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Newman v. United States

Citation. Newman v. United States, 382 F.2d 479, 127 U.S. App. D.C. 263 (D.C. Cir. July 31, 1967)
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Brief Fact Summary.

After appellant, Newman, was not extended the same plea offer that his co-defendant was, he brought appeal claiming he had been denied due process, equal standing and equal protection.

Synopsis of Rule of Law.

It is not in the province of the Court to tell the attorney general how to bring about its charges of different defendants.


Appellant, Newman, and Anderson were indicted for housebreaking (breaking and entering) and petty larceny. Anderson’s counsel was able to get him a plea agreement, which included only the misdemeanor charges of petty larceny and attempted housebreaking. The US attorney declined to give the same offer to Newman, who brought appeal.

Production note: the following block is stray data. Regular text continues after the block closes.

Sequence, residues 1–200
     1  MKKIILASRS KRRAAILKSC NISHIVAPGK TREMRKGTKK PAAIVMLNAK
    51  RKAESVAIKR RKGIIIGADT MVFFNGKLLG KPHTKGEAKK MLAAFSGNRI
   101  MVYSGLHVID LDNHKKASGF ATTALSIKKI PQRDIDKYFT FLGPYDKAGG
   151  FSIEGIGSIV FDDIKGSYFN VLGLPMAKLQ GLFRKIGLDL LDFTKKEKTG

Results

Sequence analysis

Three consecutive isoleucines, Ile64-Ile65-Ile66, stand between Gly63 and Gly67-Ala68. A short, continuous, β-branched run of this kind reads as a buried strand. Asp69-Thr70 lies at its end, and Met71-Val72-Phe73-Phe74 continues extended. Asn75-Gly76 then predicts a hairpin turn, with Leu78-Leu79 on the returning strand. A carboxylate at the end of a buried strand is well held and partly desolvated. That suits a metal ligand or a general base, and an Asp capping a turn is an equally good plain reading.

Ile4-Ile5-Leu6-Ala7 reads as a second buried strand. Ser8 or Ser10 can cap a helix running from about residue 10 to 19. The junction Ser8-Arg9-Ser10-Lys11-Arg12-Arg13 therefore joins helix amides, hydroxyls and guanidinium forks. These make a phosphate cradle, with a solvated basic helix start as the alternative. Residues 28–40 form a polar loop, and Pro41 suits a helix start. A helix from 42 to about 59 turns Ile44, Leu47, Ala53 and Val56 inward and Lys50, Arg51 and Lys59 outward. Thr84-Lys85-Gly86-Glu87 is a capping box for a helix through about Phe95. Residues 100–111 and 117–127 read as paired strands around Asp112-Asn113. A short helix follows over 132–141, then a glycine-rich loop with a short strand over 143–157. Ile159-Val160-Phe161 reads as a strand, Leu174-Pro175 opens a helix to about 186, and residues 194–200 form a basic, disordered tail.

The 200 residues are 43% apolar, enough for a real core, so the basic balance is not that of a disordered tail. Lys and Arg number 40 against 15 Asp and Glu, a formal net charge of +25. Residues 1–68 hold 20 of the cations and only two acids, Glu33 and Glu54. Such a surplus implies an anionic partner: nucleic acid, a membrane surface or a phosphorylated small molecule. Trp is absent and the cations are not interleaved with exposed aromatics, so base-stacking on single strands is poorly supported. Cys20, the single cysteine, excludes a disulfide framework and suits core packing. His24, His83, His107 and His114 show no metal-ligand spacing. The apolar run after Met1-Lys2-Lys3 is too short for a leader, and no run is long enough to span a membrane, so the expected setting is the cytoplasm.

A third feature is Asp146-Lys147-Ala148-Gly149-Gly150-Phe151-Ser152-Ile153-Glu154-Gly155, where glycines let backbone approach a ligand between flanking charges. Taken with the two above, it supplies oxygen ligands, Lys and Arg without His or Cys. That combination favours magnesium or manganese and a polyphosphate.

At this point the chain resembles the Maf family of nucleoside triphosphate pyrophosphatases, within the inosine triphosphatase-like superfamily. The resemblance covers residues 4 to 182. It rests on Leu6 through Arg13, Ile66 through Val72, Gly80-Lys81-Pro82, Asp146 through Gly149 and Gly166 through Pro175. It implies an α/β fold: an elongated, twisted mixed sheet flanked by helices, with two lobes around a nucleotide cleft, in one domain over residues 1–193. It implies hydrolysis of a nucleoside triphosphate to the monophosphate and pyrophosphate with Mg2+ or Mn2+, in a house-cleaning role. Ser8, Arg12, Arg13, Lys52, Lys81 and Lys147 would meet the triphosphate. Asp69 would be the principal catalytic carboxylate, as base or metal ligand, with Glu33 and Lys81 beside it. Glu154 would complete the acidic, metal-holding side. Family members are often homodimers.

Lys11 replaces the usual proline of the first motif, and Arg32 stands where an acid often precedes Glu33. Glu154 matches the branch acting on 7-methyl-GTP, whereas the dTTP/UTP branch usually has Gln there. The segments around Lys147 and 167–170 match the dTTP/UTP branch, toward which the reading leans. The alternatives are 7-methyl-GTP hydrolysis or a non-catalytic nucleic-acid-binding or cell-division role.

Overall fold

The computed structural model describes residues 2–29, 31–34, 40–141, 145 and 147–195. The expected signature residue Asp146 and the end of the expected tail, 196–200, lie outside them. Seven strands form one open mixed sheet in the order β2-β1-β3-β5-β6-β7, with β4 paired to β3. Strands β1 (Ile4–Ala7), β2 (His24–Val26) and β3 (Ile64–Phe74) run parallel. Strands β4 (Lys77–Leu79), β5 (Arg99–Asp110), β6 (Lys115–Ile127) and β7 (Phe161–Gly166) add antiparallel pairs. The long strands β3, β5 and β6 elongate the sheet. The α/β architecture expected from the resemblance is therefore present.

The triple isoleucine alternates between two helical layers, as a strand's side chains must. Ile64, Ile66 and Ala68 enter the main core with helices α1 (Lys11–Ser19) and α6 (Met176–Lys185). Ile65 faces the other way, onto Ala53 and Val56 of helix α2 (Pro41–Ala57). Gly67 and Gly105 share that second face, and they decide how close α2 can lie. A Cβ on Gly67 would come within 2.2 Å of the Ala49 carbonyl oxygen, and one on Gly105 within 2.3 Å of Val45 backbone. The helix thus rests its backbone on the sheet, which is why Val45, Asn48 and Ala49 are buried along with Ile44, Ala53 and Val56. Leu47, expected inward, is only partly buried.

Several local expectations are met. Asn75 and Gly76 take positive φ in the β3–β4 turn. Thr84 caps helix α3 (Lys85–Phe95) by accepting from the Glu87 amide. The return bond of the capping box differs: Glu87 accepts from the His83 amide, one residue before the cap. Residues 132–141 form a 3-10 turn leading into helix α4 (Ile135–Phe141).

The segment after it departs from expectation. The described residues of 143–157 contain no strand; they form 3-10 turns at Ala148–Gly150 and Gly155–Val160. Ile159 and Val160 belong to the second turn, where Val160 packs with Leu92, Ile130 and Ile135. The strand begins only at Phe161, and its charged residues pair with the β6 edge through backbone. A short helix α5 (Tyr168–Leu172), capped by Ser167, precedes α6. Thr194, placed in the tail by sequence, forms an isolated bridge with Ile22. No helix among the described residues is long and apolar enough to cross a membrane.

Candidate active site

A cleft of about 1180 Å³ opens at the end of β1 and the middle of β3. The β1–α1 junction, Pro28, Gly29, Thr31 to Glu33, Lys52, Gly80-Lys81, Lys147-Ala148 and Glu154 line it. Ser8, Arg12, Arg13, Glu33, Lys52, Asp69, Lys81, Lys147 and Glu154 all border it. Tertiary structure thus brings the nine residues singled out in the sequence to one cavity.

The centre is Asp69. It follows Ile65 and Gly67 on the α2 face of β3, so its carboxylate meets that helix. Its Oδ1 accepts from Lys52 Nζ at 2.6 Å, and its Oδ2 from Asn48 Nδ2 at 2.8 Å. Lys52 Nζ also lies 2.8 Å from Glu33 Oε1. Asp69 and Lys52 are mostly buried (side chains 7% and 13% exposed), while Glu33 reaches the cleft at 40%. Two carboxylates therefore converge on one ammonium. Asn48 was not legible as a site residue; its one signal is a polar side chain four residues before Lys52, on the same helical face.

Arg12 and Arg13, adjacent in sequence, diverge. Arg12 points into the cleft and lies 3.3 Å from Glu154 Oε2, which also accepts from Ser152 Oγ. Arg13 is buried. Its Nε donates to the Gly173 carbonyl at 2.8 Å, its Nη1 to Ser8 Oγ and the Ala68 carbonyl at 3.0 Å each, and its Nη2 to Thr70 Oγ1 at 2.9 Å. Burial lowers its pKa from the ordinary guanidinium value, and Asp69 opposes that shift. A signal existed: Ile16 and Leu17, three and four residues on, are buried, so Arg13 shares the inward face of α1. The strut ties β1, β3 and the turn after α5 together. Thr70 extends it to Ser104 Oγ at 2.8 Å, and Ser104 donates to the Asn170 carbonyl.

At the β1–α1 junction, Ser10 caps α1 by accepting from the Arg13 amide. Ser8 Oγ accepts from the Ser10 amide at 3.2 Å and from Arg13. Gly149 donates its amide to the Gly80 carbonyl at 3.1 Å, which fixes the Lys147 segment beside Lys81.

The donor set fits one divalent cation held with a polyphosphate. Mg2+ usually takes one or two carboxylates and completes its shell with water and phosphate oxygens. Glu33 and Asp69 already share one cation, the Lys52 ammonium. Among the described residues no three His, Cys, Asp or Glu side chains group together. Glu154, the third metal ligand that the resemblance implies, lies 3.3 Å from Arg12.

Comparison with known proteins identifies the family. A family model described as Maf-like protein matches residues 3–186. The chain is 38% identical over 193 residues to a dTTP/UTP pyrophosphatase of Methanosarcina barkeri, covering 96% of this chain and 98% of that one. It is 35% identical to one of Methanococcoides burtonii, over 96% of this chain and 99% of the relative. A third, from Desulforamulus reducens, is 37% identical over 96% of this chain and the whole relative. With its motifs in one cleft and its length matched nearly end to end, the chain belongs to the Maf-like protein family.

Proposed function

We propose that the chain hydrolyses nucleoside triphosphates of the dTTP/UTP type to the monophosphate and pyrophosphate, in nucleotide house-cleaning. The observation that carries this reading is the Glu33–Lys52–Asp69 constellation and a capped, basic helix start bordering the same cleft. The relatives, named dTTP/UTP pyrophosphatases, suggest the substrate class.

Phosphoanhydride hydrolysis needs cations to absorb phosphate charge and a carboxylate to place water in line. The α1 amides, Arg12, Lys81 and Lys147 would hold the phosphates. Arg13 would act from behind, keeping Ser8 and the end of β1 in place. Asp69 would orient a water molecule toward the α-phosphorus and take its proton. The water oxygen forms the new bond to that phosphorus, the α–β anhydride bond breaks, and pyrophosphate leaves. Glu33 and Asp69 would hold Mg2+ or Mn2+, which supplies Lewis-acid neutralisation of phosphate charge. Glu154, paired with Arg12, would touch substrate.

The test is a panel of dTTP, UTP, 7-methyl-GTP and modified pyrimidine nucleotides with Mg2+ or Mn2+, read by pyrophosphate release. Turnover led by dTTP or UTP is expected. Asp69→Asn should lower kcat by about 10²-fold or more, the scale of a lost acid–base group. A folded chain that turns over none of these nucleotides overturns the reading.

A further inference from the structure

Whether a defendant can appeal an indictment when he is not given an equal plea as his co-defendant.


Affirmed. The court declined to decide on this matter, except to state that the Attorney General’s office is an extension of the Executive Branch, and it was not in the province of the court to tell them who to indict and which charges to press.


This case serves to show that courts will not take up every plea agreement in an attempt to make things fair among defendants.

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